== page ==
Impending Strike by NYU’s Graduate Student Employees
Date: April 25, 2021
TO: The NYU Community
FROM: Andrew Hamilton, President; Katherine Fleming, Provost
Dear Members of the NYU Community,
NYU’s graduate student union is threatening to strike on Monday. We are writing to share with you the University's position and explain why we believe this strike is unwarranted, untimely, and regrettable, and our belief that if the union had agreed to make use of a mediator, this strike could have been avoided.
Unlike other private universities, NYU is not negotiating a first contract, but a contract renewal
NYU voluntarily recognized a graduate employees’ bargaining unit more than seven years ago—the first private university to do so—and negotiated a first contract, which expired in August 2020. While first contracts can be difficult to negotiate, renewals can normally be negotiated fairly swiftly. Not in this case: the first contract has 27 provisions; GSOC came into the bargaining for the contract renewal with 90 additional demands, quite a number of which were outside the normal scope of bargaining. In the sixteen bargaining sessions we have held with GSOC/UAW, there has been precious little progress in reducing that number.
That has led us to repeatedly call for the intervention of a neutral, mutually-agreed-upon mediator; GSOC/UAW has repeatedly and steadfastly rejected any use of a mediator, even though a mediator helped settle the prior GSOC/UAW contract without a strike, even though a mediator helped both Columbia and Harvard recently reach settlements with their graduate employees.
Why? GSOC/UAW won’t say. However, if it is because they simply do not want to hear that some of the demands they are making are not reasonable, that is very unfortunate, and it is emblematic of the impediments the union has erected to complete this contract.
NYU came to these negotiations in a spirit of good faith and with a wish to achieve a fair contract that honors the contributions of our graduate employees, who are our students in addition to being our part-time (20 hrs or less per week) employees. We remain committed to that goal but feel thwarted by GSOC’s approach.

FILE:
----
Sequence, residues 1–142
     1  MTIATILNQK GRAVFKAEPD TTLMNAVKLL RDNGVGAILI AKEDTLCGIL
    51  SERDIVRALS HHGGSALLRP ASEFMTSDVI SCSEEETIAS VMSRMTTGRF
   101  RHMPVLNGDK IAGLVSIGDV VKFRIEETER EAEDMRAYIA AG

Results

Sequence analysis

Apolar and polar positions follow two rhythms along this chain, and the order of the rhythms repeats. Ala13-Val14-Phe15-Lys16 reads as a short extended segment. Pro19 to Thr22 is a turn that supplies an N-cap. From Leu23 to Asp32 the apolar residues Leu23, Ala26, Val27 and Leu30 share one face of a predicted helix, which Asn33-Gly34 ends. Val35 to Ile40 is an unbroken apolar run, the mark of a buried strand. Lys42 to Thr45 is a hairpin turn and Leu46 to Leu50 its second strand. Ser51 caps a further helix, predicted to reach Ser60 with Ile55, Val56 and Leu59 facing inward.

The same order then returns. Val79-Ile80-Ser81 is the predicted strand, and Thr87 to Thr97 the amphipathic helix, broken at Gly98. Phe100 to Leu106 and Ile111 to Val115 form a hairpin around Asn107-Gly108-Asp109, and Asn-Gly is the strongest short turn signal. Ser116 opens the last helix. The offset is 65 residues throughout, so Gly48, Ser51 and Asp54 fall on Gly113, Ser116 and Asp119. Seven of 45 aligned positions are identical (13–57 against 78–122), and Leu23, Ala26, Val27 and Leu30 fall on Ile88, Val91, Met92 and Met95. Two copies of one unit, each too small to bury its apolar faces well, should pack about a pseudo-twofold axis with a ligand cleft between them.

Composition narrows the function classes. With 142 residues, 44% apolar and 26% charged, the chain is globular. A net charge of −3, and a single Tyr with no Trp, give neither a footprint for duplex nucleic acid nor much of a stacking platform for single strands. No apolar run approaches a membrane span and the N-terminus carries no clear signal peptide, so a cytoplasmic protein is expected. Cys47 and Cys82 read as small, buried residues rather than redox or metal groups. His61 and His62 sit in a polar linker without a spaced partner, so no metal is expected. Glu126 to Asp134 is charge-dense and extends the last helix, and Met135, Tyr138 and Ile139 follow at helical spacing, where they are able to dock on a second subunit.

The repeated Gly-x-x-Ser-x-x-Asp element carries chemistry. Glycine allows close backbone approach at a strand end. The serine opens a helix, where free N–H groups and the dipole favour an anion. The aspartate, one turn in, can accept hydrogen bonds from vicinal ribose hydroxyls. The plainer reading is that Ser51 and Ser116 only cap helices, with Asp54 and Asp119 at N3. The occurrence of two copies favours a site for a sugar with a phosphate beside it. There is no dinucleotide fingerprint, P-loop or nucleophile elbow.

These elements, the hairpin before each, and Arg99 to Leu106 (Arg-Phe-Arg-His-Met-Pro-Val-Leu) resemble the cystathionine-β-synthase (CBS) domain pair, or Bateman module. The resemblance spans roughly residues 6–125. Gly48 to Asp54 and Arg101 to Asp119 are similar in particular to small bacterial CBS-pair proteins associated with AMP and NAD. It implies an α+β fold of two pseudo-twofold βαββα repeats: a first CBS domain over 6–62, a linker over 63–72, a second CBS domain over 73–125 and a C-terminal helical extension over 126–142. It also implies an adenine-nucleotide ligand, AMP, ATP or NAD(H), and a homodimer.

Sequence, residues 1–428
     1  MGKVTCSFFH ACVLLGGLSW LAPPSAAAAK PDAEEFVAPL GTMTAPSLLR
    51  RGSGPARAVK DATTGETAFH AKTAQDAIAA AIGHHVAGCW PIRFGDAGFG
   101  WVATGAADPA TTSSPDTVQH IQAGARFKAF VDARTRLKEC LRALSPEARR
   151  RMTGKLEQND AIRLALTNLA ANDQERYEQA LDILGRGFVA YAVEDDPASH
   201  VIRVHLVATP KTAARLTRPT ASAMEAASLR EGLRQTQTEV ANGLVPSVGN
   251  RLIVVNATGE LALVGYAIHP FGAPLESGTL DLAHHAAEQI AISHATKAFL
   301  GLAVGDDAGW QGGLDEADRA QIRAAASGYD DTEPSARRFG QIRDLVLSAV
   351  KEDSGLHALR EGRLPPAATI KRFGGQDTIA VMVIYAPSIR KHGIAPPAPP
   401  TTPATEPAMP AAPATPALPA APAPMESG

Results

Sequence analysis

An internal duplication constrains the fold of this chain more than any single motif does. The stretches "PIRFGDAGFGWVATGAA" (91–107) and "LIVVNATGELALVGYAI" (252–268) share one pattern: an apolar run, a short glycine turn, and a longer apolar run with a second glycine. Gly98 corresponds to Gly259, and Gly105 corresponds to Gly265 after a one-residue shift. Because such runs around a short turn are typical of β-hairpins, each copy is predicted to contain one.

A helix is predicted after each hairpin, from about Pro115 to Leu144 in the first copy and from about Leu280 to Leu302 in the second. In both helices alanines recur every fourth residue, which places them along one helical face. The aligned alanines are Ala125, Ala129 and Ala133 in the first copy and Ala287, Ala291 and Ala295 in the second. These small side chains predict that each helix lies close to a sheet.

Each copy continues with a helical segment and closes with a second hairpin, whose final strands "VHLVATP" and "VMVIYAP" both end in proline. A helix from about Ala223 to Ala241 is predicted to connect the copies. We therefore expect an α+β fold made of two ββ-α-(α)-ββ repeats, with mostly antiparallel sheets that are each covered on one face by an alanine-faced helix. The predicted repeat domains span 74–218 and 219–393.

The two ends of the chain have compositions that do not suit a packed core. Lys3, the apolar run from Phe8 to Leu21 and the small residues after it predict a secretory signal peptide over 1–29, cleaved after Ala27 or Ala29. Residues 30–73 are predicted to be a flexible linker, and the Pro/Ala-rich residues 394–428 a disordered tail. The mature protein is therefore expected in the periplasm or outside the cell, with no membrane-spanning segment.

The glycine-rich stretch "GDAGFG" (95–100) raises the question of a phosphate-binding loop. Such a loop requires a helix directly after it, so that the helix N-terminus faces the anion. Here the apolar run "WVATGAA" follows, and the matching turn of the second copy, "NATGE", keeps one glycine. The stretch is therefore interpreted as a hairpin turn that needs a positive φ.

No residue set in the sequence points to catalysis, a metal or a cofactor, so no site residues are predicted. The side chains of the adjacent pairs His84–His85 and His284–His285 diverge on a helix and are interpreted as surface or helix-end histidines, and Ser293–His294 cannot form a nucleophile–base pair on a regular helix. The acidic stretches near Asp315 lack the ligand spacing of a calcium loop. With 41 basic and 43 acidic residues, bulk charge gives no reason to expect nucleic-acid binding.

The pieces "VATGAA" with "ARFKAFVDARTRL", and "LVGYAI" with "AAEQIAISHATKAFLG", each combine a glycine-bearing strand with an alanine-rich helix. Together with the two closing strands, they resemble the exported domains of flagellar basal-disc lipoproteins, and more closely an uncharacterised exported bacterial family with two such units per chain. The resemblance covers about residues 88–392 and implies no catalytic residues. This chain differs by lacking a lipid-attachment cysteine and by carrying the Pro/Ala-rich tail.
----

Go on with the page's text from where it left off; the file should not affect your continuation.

As a starting point, NYU’s graduate employees are better paid than those at peer institutions, but that hasn’t stopped NYU from making a generous contract renewal offer
Recent settlements at other major private universities provided for lower hourly wages than NYU currently gives. As an example, Harvard’s contract set an hourly wage for graduate employees at $17/hr; by contrast, NYU currently pays its graduate employees a minimum hourly wage of $20/hr.
Similarly, unlike at other universities, a significant majority of NYU’s fully-funded Ph.D. students receive very generous support—full tuition remission, a minimum stipend of some $30,000, and NYU paying their health care premiums—as pure fellowship, meaning they are not required to work to receive their support. Any work they choose to do is paid over and above their financial aid package.
Notwithstanding those higher wages, NYU's proposals included increases that would raise hourly wages by over 20% more – an offer that would leave NYU’s graduate employees even further ahead of peers.
In addition, among other items, NYU’s position includes:
- A significant new expansion of subsidies for health care premiums
- A new $200,000 Graduate Employee Health Insurance Support Fund to assist grad employees with out-of-pocket medical cost
- A proposal to double the child care subsidy fund
- Agreeing to a service bonus of 7% of the total amount earned in a semester by graduate employees with semester-based appointments